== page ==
Enjoy the feathery plumes of Astilbe in early summer. This tough perennial blooms in shades of burgundy, red, pink, lavender, and white. In addition to the attractive flowers, these shade plants have finely cut foliage, which in many varieties is flushed with bronze. Astilbe grows best in Zones 4-8 and can reach up to 4 feet tall, depending on variety.
Test Garden Tip: Astilbe needs consistently moist soil to thrive, so it’s a good choice for areas that don’t drain well.
Top Picks: ‘Deutschland’ bears pure white flowers; ‘Fanal’ offers dark red plums and bronzy foliage; ‘Sprite’ is an award-winning selection with shell-pink blooms.
Plant it with: ‘Britt-Marie Crawford’ ligularia, which features dramatic purple foliage and go
67 cultivars of flowering tobacco exist. Foliage of the nicotiana plant can be large, making the plant bushy.
- The cultivar Alata has leaves which may grow to 10 inches, with up to 4 inch blooms. This is one of the most fragrant of the varieties.
- Sylvestris may reach a height of 3 to 5 feet with fragrant white flowers.
- The Merlin series reaches only 9 to 12 inches and is appropriate for use in a front border or as part of a container planting.
Nicotiana will begin to bloom in early summer. After each set of blooms, prune plants as needed. Pinch or deadhead spent flowers to promote reblooming.
Plants are annuals that are very susceptible to frost. Cover them up whenever cold temperatures are expected.
Native to the Southern Americas and Australia
Nicotiana are good “re-seeders”. They will drop lots of tiny seeds for next year’s crop. Mark off the area, and allow new plants to grow in the spring. Do not disturb the soil until seedlings have begun to grow. Thinning will likely be needed.
Flowering Tobacco Sylvestris
Part Sun, Shade, Sun
1 to 3 feet
6-30 inches wide
Flowers of hellebores are a welcome sight when they bloom in late winter to early spring, sometimes while still covered with snow. Different varieties of the hellebore plant offer a range of flower colors, from white to black. One of the earliest blooms spotted in many areas, nodding hellebore flowers are often fragrant and long-lasting.
When planting from seed or division, place the hellebore into well-draining, organic soil in a filtered sun or shady location. The hellebore plant will return for many years; make sure the space will accommodate growth and has proper sunlight. Hellebores need no more than a few hours of dappled light and grow successfully in shady areas. Plant the hellebore under deciduous trees or scattered through a woodland garden or shaded natural area
Helleborus niger, the Christmas Rose, features 3-inch blooms of the purest white. Many hybrids of hellebores offer a range of flower colors, colors often change as they mature.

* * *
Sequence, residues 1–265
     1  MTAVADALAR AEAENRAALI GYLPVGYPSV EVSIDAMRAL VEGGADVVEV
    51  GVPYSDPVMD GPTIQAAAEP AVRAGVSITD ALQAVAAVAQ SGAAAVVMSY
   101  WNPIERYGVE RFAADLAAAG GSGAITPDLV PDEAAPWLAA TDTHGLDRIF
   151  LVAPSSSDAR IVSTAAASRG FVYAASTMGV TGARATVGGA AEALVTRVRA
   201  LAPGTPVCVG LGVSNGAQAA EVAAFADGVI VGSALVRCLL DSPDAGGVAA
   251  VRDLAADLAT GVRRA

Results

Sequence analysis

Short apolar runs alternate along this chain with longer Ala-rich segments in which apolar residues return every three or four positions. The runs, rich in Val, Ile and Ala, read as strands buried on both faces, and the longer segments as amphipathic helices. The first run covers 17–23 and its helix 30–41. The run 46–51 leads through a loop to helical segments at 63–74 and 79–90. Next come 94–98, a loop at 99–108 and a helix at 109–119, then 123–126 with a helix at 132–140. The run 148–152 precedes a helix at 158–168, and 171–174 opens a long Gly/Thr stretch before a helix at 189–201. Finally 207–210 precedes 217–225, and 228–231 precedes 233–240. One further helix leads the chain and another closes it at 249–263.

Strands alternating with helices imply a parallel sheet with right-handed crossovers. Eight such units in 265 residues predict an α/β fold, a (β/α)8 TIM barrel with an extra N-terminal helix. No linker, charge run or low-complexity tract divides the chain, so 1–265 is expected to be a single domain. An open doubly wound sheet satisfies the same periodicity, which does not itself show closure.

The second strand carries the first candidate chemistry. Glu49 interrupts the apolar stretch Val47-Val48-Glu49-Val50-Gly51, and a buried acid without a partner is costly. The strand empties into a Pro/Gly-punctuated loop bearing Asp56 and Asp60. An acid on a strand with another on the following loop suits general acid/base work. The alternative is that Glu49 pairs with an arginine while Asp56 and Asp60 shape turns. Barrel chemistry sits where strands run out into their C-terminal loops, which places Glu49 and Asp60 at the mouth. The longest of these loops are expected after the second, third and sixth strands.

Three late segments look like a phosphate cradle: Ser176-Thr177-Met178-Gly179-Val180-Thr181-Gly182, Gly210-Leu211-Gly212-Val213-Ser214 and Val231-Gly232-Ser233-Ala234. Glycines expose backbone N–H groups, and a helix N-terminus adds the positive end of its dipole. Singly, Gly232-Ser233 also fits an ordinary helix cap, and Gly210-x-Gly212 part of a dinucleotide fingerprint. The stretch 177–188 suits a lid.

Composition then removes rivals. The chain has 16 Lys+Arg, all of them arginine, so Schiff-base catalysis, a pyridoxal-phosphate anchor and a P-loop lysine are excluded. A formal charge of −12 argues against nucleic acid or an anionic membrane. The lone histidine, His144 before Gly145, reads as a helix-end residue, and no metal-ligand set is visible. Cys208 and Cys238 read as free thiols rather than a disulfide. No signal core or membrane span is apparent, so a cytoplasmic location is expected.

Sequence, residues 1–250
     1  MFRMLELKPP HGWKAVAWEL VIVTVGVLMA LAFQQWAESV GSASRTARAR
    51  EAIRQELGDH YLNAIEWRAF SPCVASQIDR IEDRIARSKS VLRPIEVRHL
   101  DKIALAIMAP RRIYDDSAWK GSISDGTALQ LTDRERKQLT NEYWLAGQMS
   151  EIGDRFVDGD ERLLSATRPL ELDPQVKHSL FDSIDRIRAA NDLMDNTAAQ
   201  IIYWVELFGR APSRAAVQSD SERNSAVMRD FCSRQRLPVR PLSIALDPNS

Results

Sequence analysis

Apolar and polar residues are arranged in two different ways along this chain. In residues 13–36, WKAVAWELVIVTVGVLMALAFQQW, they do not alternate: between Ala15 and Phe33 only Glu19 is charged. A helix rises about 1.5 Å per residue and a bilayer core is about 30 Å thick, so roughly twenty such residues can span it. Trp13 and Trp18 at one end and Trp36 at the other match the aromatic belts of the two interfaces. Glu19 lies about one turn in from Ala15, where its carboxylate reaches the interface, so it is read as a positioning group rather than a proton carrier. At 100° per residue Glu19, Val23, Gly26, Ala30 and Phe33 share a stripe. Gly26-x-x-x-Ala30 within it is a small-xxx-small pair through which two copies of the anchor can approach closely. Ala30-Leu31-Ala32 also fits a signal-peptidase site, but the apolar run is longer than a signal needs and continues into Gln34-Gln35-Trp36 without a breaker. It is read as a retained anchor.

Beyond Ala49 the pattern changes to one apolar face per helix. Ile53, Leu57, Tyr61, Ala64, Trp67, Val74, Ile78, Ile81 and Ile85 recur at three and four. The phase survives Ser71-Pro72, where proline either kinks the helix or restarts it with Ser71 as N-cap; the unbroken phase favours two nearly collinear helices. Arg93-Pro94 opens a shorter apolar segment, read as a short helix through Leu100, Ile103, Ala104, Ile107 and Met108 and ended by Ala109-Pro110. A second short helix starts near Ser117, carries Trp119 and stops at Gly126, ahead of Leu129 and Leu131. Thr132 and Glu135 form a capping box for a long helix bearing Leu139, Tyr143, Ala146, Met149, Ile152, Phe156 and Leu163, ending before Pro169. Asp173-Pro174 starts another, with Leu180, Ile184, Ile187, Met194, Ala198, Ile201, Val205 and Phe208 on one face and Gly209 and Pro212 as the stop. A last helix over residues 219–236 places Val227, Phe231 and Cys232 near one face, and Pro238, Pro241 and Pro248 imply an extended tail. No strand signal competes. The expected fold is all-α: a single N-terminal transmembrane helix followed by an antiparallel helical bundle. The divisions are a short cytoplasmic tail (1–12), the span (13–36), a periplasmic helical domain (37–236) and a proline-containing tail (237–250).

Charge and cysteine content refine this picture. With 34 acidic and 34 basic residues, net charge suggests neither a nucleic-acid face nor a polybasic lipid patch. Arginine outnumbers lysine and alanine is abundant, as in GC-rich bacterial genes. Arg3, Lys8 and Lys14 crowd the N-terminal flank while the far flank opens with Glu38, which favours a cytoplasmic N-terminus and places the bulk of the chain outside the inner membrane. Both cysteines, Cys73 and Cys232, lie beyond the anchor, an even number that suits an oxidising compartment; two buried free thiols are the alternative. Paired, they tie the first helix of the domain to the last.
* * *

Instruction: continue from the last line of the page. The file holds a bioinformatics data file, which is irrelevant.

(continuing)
Hellebore care is simple and worthwhile. Plant a variety of hellebores in your garden in the shade for a lovely spring flower.
Hardiness will vary with species, but most Hellebores are rate USA Hardiness Zones 4-9.
The foliage forms a low clump, but when the plants are in bloom, they reach a height of about 1 ½ – 2 ft. and spread 1 – 1 ½ ft. wide
These are shade garden plants. Hellebores prefer partial to full shade. They can handle spring sun, but plant them in a spot that will become shadier as trees and other plants flush out. T
Blooming depends on both the species and your climate. The Christmas Rose (H. niger) can bloom in December in Zones 7 or warmer, but rarely blooms until spring in colder climates. Most species can be counted on to bloom somewhere between December to April and will stay in bloom for a month or longer.
Lady Fern 3′ Tall
Male Fern to 5′ Tall
Japanese Painted Fern
It’s tough to imagine lovelier shade plants than Japanese painted ferns (Athyrium niponicum var. pictum). This beauty offers fronds liberally dappled with silver, burgundy, and green. Plus, it’s a low-growing, slow-spreading plant that grows in shade. And, deer and rabbits usually leave it alone. It grows best in Zones 5-8 and gets about 12 inches tall.
Top picks: ‘Silver Falls’ has especially metallic leaves; ‘Burgundy Lace’ has lots of rich purple-red tones in the leaves.
Plant it with: ‘Burgundy Glow’ ajuga or ‘Green Spice’ coralbells — all have silvery and purple tones in their foliage.
One of the toughest plants that grow in the shade garden, bigroot geranium (Geranium macrorrhizum) doesn’t mind heat or drought. And, deer and rabbits typically pass it by in search of tastier morsels. This shade plant puts on a spring show with pink or white flowers; some varieties also offer outstanding fall coloration in their woodsy-scented foliage. Bigroot geranium is hardy in Zones 4-8 and grows 2 feet tall.
Put on a fall show with shade plant toad lily (Tricyrtis). This easy-to-grow perennial offers unique flowers that are often compared to orchids. Many are spotted with shades of purple or blue.
Top Picks: ‘White Towers’ bears white flowers; ‘Tojen’ offers especially large lavender flowers.
Plant it with: Let toad lily rise up behind a clump of medium-sized hostas or fern-leafed bleeding heart.
1 to 3 feet tall
A great plant with an unfortunate name, lungwort (Pulmonaria) earned its moniker from the silvery, lung-shaped spots that dot the foliage of these plants that grow in shade. The variegated foliage looks great all season long, but is an especially nice accent to the clusters of pink, white, or blue flowers in spring. Lungwort grows best in Zones 4-8 and reaches
1 foot tall.
Test Garden Tip: Because its foliage is somewhat hairy, deer and rabbits typically leave lungwort alone.
Top picks: ‘Opal’ features ice-blue flowers; ‘Trevi Fountain’ features cobalt-blue blooms.
Plant it with: Japanese painted fern or ‘Jack Frost’ brunnera for a delightful silver-on-silver play.